Report finds disposable vapes pose environmental threat; calls for 7-Eleven, other retailers to stop sales

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Media contacts: Lucas Rockett Gutterman, Designed to Last Campaign Director, 347-466-9947, [email protected]
Mark Morgenstein, Media Relations Director, 678-427-1671,
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U.S. throws out 4.5 disposable vapes per second; electronics are a increasing pollution on beaches

NEW YORK — New York City Mayor Eric Adams announced Monday the city has filed a lawsuit against companies illegally selling disposable vapes. A new report, “Vape Waste: The environmental harms of disposable vapes,” released Tuesday by U.S. PIRG (Public Interest Research Group) Education Fund finds that this hazardous electronic waste poses a growing environmental threat. According to CDC Foundation sales estimates, lining-up the disposable vapes sold in a year would stretch for 7,000 miles—long enough to span the continental U.S. twice. Because there is no standard legal way to recycle these products, many users just toss them. “Disposable vapes have become the new poster child for our single-use, throwaway society. Tossing out lithium-ion batteries that we could recharge hundreds of times after one use doesn’t make any sense,” said Lucas Rockett Gutterman, the report author and director of U.S. PIRG Education Fund’s Designed to Last campaign. “Some things are too harmful and useless to tolerate. We should ban disposable vapes.”

While cigarette butts have long been a major source of beach pollution, disposable vapes are a new and rising threat. Cigarette trash takes 10 years to degrade while disposable vapes are non-biodegradable and the single-use plastic they contain never fully degrades. In addition, manufacturing these products wastes valuable materials. The rechargeable batteries in the disposable vapes sold in a year include 23.6 tons of lithium, the amount needed to create batteries for more than 2,600 electric vehicles. 

These findings should add urgency to the U.S. Food and Drug Administration’s efforts to stem the unauthorized sales of disposable vapes. In June, the FDA issued warning letters to 189 retailers for selling these vapes. Advocates with U.S. PIRG Education Fund are calling on all retailers who received letters, including convenience stores with the prominent 7-Eleven, Shell, BP and Chevron brand names to comply and stop selling any disposable vapes. The report also urges the FDA to deny all pending and future requests to sell disposable vapes.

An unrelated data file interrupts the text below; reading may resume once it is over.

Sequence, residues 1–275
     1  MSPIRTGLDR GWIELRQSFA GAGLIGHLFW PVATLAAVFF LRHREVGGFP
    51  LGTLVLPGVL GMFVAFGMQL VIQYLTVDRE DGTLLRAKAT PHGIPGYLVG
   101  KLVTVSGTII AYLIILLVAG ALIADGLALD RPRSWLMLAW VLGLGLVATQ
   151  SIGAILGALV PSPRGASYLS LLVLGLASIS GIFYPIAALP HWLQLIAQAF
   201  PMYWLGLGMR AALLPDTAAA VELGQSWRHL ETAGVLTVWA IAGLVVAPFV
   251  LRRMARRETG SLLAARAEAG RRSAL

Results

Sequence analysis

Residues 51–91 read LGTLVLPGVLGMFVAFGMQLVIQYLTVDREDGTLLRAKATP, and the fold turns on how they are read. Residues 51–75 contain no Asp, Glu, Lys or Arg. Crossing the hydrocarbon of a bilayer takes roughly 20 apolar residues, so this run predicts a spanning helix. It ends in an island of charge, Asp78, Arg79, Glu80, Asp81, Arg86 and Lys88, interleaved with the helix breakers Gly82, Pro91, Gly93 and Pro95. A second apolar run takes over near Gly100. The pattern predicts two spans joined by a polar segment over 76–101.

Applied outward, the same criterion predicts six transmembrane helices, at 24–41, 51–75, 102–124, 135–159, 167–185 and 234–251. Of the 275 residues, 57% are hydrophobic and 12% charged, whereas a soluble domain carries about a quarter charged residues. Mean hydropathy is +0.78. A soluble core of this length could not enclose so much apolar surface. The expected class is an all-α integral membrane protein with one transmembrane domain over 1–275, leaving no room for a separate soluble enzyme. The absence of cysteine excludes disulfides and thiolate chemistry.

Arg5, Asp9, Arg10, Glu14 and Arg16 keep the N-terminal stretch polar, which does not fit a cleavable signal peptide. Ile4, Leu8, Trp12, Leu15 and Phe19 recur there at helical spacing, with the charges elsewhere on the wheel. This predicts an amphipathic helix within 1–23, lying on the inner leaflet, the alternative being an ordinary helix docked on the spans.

“We appreciate the FDA ramping up its enforcement efforts but too many disposable vapes are still polluting our beaches, waterways and roadsides,” said Gutterman. “Every convenience store, from the big names to local mom and pops, that stop selling these vapes help solve this problem.”

“Big tobacco has spent billions of dollars hooking a new generation of kids on nicotine while treating our environment as collateral,” said New York Assemblymember Linda B. Rosenthal (Manhattan), Chair of the Assembly Committee on Housing. “To pad their bottom line, e-cigarette companies have flooded the market with disposable vapes that are made of plastic and powered by a lithium-ion battery, designed to be used for a few days and discarded. Not only are these colorful and inexpensive devices attracting young people, they are wreaking havoc on our environment with millions being dumped in landfills and washing up on beaches worldwide. I am proud to have led the efforts in New York State to pass laws that combat the harms of the e-cigarette industry, and I look forward to working with PIRG and other advocates to continue protecting public health and our environment from the threat that disposable vapes pose.”

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The U.S. PIRG Education Fund (Public Interest Research Group) is a 1 million-member national consumer advocacy organization that stands up to powerful special interests on behalf of the public. We solve problems no one should tolerate in our age of abundance and technological innovation.